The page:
Two straws in the gale blowing round media and new media, both pointing in the same direction, and one’s blown away:
The Reader’s Digest has filed for bankruptcy in the US. This may be about the reinvention of the dentist’s waiting room as much as anything else, but RD lives on the sheves of second hand book dealers around the world in the form of conedensed books. I haven’t read one in years, and associated the brand primarily with prize draws to sell subscriptions back in the eighties. However it was a great brand in its day, and had a faithful and sizeable following — at 8·2 million considerably larger than anything on the UK print media scene. In June it had prudently revised its guaranteed circ figure to 5·5 million, with worse to come.
RD was the Google newsfeed of 1922, and it certainly soared in its prime. Over 75’s will take a cup of kindness yet for the sake of “humor in uniform” or “laughter is the best medicine?” RD’s radical restructing / demise shows the intensity of the winds of change sweeping through print media. It may be that the magazine died by becoming too comfortably embedded in its clientele. Reinvention is a necessity, not an option.
Anecdotally, five years ago I took stock of a carriage of morning commuters travelling into Marylebone in May and noticed about 40/60 reading paying Fleet Street Titles, mostly Telegraphs, Mails and Times, with half a dozen Guardians. A carriage of sixty people on the same service earlier this year had only five newspaper readers out of 65, two Mails, a Times and two Metros (a new model freesheet with which some say the streets of London are paved). Most were reading books, playing with phones or ipods and doing puzzles. The fact that more than twice as many people in the carriage found it more engaging to stare out the window than to read a Fleet Street paying title indicates the depth of the problem.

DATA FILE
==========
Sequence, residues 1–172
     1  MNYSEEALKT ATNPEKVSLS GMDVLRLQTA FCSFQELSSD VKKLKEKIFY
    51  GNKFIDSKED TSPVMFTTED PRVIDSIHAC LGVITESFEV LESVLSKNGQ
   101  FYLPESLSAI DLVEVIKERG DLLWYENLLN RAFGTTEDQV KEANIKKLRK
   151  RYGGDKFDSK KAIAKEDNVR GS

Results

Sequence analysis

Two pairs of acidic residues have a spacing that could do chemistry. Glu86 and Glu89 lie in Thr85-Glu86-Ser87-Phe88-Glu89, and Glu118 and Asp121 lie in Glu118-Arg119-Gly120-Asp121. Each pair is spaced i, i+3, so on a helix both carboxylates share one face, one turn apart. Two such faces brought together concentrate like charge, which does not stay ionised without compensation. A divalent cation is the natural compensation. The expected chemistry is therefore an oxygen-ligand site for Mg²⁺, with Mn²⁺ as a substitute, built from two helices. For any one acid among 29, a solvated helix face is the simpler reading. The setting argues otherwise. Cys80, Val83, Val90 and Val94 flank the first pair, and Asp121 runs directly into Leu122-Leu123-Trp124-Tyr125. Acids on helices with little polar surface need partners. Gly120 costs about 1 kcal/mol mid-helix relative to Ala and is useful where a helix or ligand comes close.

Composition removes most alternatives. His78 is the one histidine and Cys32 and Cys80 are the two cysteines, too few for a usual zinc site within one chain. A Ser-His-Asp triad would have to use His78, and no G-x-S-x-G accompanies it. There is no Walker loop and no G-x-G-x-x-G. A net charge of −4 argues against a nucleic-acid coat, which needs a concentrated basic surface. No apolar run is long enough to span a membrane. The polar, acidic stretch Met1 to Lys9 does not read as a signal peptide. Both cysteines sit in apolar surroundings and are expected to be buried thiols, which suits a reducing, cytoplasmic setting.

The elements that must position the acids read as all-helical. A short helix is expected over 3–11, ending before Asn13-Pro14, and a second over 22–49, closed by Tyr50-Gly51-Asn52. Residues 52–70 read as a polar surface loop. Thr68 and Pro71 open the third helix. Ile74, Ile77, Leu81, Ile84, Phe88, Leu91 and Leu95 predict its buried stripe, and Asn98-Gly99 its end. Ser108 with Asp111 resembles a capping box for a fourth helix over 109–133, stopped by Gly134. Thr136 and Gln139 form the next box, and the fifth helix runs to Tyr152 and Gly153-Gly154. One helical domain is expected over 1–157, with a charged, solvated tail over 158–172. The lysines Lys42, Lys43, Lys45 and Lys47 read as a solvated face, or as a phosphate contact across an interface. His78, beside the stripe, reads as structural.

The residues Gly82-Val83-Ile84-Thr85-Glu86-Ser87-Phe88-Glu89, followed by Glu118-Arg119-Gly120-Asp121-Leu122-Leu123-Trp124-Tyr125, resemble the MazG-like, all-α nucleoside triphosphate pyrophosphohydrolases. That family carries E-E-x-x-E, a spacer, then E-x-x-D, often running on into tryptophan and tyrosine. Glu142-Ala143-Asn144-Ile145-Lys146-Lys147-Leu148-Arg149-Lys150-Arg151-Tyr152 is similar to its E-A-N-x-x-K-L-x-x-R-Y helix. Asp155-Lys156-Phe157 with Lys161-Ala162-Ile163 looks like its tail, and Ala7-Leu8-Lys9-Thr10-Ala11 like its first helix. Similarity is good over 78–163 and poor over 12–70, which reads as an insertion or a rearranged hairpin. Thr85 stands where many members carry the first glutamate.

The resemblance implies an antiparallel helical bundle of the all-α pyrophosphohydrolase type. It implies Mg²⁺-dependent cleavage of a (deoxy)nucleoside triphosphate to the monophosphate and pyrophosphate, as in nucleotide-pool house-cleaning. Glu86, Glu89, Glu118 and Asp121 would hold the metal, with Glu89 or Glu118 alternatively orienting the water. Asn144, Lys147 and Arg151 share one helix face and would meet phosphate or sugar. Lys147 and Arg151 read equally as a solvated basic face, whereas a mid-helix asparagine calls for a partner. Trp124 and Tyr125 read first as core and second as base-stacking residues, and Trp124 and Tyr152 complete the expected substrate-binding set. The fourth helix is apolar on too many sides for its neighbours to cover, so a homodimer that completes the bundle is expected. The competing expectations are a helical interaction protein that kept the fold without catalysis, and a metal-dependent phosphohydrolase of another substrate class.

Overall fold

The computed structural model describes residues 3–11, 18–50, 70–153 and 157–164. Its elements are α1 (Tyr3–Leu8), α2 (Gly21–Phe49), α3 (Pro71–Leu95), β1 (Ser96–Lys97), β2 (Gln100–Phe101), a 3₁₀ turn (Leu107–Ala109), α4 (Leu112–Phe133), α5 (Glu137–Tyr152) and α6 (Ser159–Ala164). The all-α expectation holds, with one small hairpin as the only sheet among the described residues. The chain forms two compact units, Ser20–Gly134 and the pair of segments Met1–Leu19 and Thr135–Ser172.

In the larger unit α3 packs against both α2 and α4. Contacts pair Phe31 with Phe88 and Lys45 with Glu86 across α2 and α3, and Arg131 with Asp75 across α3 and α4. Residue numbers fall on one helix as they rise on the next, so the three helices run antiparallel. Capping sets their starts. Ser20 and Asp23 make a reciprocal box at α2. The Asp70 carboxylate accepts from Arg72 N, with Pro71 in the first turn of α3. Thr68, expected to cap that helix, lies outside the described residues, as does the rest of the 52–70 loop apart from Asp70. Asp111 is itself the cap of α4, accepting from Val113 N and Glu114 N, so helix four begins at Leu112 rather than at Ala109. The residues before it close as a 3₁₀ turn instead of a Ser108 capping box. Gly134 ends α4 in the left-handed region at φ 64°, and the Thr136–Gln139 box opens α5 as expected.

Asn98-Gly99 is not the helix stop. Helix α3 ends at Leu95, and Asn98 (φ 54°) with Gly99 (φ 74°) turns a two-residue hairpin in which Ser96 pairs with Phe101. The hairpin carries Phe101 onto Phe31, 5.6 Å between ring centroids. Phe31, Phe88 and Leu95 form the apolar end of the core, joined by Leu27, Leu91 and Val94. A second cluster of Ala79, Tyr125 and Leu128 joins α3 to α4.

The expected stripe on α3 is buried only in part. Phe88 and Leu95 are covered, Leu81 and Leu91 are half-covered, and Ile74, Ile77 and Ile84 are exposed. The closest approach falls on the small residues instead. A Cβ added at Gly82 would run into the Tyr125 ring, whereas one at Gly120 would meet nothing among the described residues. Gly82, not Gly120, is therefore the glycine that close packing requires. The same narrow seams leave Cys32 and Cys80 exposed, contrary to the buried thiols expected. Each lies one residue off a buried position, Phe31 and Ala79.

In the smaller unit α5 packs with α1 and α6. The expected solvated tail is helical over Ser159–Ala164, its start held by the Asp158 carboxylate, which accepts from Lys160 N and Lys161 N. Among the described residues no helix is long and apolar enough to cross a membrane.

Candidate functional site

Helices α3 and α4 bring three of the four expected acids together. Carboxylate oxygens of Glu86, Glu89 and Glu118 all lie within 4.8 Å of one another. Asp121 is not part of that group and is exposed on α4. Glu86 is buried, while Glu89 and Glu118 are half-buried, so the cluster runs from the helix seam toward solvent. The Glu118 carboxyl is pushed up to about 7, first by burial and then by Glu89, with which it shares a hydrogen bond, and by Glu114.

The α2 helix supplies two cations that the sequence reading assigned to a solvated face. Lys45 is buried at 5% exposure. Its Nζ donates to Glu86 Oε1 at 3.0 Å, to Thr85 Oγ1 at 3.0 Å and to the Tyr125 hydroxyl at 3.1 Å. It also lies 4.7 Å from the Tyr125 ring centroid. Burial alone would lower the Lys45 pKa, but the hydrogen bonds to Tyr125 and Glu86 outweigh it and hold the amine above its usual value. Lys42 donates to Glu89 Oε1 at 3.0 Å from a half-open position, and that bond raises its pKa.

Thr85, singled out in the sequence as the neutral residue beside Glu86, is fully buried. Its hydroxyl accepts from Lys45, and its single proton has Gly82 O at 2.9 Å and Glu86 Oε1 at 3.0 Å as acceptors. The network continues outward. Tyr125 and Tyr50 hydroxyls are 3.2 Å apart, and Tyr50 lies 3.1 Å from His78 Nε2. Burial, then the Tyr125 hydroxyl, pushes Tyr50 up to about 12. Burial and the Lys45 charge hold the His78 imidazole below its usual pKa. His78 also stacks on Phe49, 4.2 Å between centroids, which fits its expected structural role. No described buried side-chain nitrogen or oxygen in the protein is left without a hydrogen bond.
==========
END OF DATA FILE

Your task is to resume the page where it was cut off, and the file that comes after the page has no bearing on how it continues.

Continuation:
This brings me to Rupert Murdoch’s announcement that all his titles will start charging for online content by next year. I can understand why and sympathize. All hard indications are that his present business model is melting under him faster than the polar icecap. He’s already tried diversifying into the yacht hire business, so, Children, this is serious.
The rub has to be how to charge — the devil is most certainly in the detail. It is not easy to fix your roof in the hurricane season, and the music and video industries’ experience is not entirely encouraging. FT is probably the most interesting payment model in the UK, and this may be a way to go. Whether people would shell out for gossip, and if so how much is another question. Will his new subscription income match the amount he will have to spend on lawyers?
Perhaps an inexorable content evolution is happening. The hot journalistic added value is progressively not to be found in the story, which is likely to surface through hot media way before anywhere else, but rather the op-ed aspect of it.
The money shot will be in the quality of writing and comment in depth, not the scoop — the breadth and connection, not the novelty.
People will always pay for particular premium content, but not mass produced Flat Earth news. I suspect that the only UK site I would subscribe to, if I had to, is BBC news. Hang on, I do subscribe. It’s called the Licence Fee and I’m glad to pay it. After a couple of decades economising on journalists, recovering high added value will be difficult on various levels for Fleet Street.
Corporately it will need companies to back out of the cul-de-sac labelled production economies and promotions and invest heavily and counterculturally in good present and future journalists — not something they have shown any particular desire or proclivity for doing. I’m not sure any of the Fleet Street stable have the journalistic resilience to produce anything worth paying for, but I’d love to be wrong.
PS Thanks to Jeff Jarvis on 24 August, for three more nails in the US Newspaper Coffin — Coupons and Circular (Valassis), Movie listings, and death notices...
h/t the Disney Dinosaur — who found out the hard way all about dwindlng resources and the need to change...